Inertia refers to the idea that something that is staying still is likely to continue to stay that way until something forceful sets it in motion. Sometimes it feels like there’s a lot of inertia in the policies and protocols of American hospitals. So let’s take a look at the forces involved in changing obstetrical norms:
Forces that tend towards change:
When I first started attending births, the episiotomy rate for vaginal births was somewhere around 85-90%. A few years later, a study came out showing that episiotomies were likely causing more harm than good, by increasing the numbers of large tears that needed surgical repairs. Because this clearly showed harm (rather than showing something was ineffective) it had rapid and dramatic change, most providers adapted and the rates dropped pretty quickly. Even then there were old school docs who refused to change.
Recently there has been a big push towards providing care that increases patient satisfaction, and this has made some birth places much more likely to accommodate the requests from their customers. In some cases, it’s led to changes in policy! I teach in a hospital that used to have a mandatory nursery stay when the family came up to postpartum from labor and delivery. After many, many requests and poor feedback from customers, the hospital switched to couplet care, cross training all the nurses to provide for families and keep them together.
Changing Trends and Competition
You had better believe that hospitals keep an eye on their competition and will make changes they had been resisting when others in the area make them. I noticed that when one hospital in my area changed from an ice-chips-only policy in labor to a policy that allowed for clear fluids, all the others in the area followed suit in close order.
Forces that tend towards staying the same:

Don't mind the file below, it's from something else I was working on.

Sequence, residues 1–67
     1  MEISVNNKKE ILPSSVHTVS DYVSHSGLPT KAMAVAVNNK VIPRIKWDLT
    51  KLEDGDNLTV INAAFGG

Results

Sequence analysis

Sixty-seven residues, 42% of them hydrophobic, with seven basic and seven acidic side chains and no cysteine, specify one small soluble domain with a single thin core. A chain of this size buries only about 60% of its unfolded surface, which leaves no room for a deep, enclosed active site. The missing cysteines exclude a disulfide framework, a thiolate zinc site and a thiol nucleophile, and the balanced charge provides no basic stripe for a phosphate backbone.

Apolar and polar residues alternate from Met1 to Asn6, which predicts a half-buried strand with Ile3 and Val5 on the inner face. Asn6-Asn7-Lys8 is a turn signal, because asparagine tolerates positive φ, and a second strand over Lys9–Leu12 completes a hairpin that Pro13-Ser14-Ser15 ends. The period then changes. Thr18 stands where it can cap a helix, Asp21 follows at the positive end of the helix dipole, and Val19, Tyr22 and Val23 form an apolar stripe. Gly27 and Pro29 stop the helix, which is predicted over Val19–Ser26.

Current policies and procedures
In order for a doctor or hospital to change how they have always done things, there needs to be at least a small admission that the way they did things before was wrong or misguided. Sometimes that is really hard! When the idea that doctors and nurses should WASH THEIR HANDS was first presented, the doctor who advocated for that was drummed out of the profession and it was decades before the idea caught on. I’m sure thousands on women died because the profession could not admit their dirty hands were the problem. Similar changes play out on a much smaller scale all the time.
Obstetricians get sued. Frequently. In a 2017 survey, 85% of OBs reported that they had been sued. Malpractice insurance in the US ranges from $85000 to $200,000 *per year* for an obstetrician. So it’s totally understandable that an OB might be thinking about possible lawsuits while attending births. In an ideal world, it wouldn’t be a factor in management of care, and wouldn’t lead a care provider to restrict a pregnant person’s options, but that’s the world we live in. Some policies might specifically limit what the provider is covered for as well.
Training and experience
I once worked with an OB who was very supportive of VBAC. He was the go-to recommendation of all the doulas for clients who were preparing for a VBAC, and he did a wonderful job supporting them, even making exceptions to policies for those clients to achieve their goal. And then one day, like a switch flipped, that all changed. He had a bad outcome in a VBAC birth and got sued. One (very) bad experience and suddenly he was no longer comfortable with VBAC at all, and was a stickler for policies.
This kind of thing isn’t unusual. Negative experiences can absolutely leave people feeling vulnerable to similar bad results in the future, and want to control things as best they can. Training can drill into people that some things (like breech birth, for example) are unsafe, to the point that it can be very hard to change that impression, no matter what evidence and training comes.
There are a multitude of forces at play in making institutional change in a system that is plagued by lawsuits. Because of all the competing forces, change might not be as fast as you think it should be. But a broader understanding the forces at work can help you better advocate for systemic change in your area.